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In a $10 game of chance in Las Vegas, there are two identica [#permalink]

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28 Aug 2012, 18:10

In a $10 game of chance in Las Vegas, there are two identical bowls that contain 100 marbles. Each bowl contains black colored 95 marbles along with 5 different colored marbles: one blue, one yellow, one green, one red and one gold. You get to pick one marble randomly from each bowl. If you get a matching pair of colored marbles (blue-blue, gold-gold), you win $10000. What is the probability that you win the prize in one play of the game?

HEre's what I tried :

Method 1 = total pairs = 100; Total combinations = 100*100 => PRob = 1/100

Method 2 (really crash landed) --

Choose 1 of the black colored balls from the first bowl and then the second one => 95C1 * 95C1 Choose 1 of blue balls => 1C1 * 1C1 ...Now this will be done for all the five colors. Hence, total = 5*1c1 * 1c1 = 5

Re: If 4 fair dice are thrown simulatenously, what is the probab [#permalink]

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28 Aug 2012, 21:56

1

This post received KUDOS

Expert's post

Hi Voodoo,

Your solution is incorrect because you forgot three-of-a-kind with a fourth different number.

For problems like this, with multiple "wins," far and away the easier solution is to find the odds of NOT getting what we want. In this case, we fail if and only if all four dice are different. So, we fail 6*5*4*3/6*6*6*6 of the time. Reducing, that gives us 5*4*3/6*6*6 --> 5*2*1/6*6 --> 5/18. And thus, we succeed 18/18 - 5/18 = 13/18 of the time. This is much easier, and much simpler, than doing all the counting of permutations! _________________

Re: In a $10 game of chance in Las Vegas, there are two identica [#permalink]

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28 Aug 2012, 22:20

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This post received KUDOS

Expert's post

voodoochild wrote:

In a $10 game of chance in Las Vegas, there are two identical bowls that contain 100 marbles. Each bowl contains black colored 95 marbles along with 5 different colored marbles: one blue, one yellow, one green, one red and one gold. You get to pick one marble randomly from each bowl. If you get a matching pair of colored marbles (blue-blue, gold-gold), you win $10000. What is the probability that you win the prize in one play of the game?

HEre's what I tried :

Method 1 = total pairs = 100; Total combinations = 100*100 => PRob = 1/100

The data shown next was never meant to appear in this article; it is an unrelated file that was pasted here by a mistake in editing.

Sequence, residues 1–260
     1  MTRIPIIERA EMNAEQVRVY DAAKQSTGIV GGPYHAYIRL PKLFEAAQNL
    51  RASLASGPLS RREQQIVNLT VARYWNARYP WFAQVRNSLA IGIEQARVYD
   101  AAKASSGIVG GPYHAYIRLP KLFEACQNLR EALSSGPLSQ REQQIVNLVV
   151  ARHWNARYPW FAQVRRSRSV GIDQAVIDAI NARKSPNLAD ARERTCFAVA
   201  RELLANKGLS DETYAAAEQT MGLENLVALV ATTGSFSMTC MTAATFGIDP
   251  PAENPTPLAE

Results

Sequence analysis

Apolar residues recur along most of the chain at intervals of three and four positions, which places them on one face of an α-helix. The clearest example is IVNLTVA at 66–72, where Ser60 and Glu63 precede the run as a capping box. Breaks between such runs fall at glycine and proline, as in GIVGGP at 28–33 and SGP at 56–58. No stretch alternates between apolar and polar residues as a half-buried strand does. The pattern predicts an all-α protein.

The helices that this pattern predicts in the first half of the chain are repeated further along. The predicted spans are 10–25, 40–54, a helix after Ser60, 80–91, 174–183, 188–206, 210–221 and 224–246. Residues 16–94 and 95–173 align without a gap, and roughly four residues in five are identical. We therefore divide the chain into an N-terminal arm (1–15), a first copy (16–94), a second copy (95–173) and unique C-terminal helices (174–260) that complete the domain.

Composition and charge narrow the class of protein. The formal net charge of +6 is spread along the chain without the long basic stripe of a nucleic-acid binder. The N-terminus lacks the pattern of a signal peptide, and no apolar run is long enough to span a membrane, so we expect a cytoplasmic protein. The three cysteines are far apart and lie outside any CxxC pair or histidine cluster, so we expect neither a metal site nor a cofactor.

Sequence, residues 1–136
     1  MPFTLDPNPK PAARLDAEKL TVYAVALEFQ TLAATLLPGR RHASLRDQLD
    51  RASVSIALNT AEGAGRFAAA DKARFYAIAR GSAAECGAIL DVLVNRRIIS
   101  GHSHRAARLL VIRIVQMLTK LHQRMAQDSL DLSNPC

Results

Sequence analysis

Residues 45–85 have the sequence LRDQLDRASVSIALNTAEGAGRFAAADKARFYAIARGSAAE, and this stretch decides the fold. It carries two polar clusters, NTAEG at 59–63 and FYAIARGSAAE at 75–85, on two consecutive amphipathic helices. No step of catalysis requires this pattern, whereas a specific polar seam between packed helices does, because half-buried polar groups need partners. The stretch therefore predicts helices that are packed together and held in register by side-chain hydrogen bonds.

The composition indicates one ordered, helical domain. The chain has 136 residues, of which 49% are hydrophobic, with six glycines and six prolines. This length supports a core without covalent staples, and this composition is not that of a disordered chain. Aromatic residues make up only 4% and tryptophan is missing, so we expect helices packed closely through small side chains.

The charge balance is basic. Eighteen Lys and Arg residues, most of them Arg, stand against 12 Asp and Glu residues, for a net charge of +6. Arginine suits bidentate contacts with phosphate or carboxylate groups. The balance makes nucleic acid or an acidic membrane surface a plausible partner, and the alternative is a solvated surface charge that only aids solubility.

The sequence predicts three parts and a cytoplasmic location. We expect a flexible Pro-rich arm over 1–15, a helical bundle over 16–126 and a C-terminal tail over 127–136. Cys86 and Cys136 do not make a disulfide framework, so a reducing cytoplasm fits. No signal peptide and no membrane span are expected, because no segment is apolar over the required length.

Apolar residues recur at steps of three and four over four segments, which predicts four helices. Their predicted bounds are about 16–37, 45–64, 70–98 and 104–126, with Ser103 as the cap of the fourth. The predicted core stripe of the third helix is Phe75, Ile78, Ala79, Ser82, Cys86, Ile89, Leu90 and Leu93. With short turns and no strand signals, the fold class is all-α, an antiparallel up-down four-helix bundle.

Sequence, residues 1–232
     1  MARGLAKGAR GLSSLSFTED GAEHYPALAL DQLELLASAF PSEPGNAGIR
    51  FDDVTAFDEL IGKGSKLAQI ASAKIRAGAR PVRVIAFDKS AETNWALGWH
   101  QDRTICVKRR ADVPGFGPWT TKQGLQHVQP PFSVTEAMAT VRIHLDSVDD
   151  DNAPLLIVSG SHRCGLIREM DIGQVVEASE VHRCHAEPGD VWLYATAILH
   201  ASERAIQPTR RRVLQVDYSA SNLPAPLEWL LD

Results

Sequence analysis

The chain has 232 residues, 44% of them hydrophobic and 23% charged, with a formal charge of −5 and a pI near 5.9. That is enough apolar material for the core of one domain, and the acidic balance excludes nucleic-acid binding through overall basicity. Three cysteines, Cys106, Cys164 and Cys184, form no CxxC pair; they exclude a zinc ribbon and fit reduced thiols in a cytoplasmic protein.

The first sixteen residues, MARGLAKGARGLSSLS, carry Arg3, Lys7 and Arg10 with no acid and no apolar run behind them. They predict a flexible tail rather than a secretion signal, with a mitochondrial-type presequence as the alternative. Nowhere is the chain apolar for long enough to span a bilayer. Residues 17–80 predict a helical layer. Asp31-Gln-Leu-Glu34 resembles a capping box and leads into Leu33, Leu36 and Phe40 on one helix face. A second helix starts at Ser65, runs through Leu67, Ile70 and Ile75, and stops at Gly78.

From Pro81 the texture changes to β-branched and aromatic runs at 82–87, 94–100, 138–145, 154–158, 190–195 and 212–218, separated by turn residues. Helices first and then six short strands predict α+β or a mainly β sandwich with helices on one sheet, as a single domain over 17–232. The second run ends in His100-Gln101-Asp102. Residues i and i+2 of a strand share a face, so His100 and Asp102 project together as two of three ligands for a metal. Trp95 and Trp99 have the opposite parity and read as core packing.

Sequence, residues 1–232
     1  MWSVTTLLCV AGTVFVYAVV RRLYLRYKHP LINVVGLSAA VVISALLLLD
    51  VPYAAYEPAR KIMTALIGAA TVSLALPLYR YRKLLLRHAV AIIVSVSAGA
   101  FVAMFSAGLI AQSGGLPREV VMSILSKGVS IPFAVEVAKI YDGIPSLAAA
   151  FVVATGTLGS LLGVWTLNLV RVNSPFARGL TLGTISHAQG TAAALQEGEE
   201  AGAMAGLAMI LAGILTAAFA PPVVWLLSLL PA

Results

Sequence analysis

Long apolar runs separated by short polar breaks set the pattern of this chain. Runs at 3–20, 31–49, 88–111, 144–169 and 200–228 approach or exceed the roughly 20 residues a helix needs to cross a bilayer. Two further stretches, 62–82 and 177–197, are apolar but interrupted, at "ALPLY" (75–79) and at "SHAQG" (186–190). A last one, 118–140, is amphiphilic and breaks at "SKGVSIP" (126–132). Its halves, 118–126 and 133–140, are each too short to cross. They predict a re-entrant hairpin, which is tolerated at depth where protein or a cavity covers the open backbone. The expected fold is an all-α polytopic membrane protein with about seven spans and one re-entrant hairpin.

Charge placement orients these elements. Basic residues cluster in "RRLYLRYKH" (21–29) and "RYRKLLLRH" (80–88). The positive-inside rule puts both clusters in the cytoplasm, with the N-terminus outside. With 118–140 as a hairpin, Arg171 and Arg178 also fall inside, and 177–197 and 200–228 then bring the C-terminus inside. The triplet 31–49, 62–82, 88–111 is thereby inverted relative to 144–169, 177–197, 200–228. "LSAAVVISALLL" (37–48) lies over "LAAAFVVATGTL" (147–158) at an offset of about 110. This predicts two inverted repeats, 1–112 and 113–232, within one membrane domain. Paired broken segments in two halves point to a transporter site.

Method 2 (really crash landed) --

Choose 1 of the black colored balls from the first bowl and then the second one => 95C1 * 95C1 Choose 1 of blue balls => 1C1 * 1C1 ...Now this will be done for all the five colors. Hence, total = 5*1c1 * 1c1 = 5

Total = (95^2 + 5)/(100^2) = CRASHED !

Can any of the experts please help me ?

Thanks

Note here that 'matching pair of colored marbles' implies only the 5 non-black colors. I agree that there is some ambiguity here - is black considered a colored marble or not? Well, if you are to win $10,000 from a $10 game, a pair of black marbles should not help you win that kind of money so I assume that we are only talking about the 5 different colored marbles.

Probability of picking a non black marble from a bowl = 5/100 Probability of picking the same color marble from the other bowl = 1/100

Probability of a matching non black pair = (5/100)*(1/100) = 5/10000 = 1/2000

On a side note, notice that the probability is against the player. If the probability of winning is 1/2000, for one's $10, one should get $20,000 if one wins. That is why, the house always wins and one should not gamble! _________________

Re: If 4 fair dice are thrown simulatenously, what is the probab [#permalink]

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29 Aug 2012, 07:22

KapTeacherEli wrote:

Hi Voodoo,

Your solution is incorrect because you forgot three-of-a-kind with a fourth different number.

For problems like this, with multiple "wins," far and away the easier solution is to find the odds of NOT getting what we want. In this case, we fail if and only if all four dice are different. So, we fail 6*5*4*3/6*6*6*6 of the time. Reducing, that gives us 5*4*3/6*6*6 --> 5*2*1/6*6 --> 5/18. And thus, we succeed 18/18 - 5/18 = 13/18 of the time. This is much easier, and much simpler, than doing all the counting of permutations!

Thanks Eli! You are correct. There are four possibilities:

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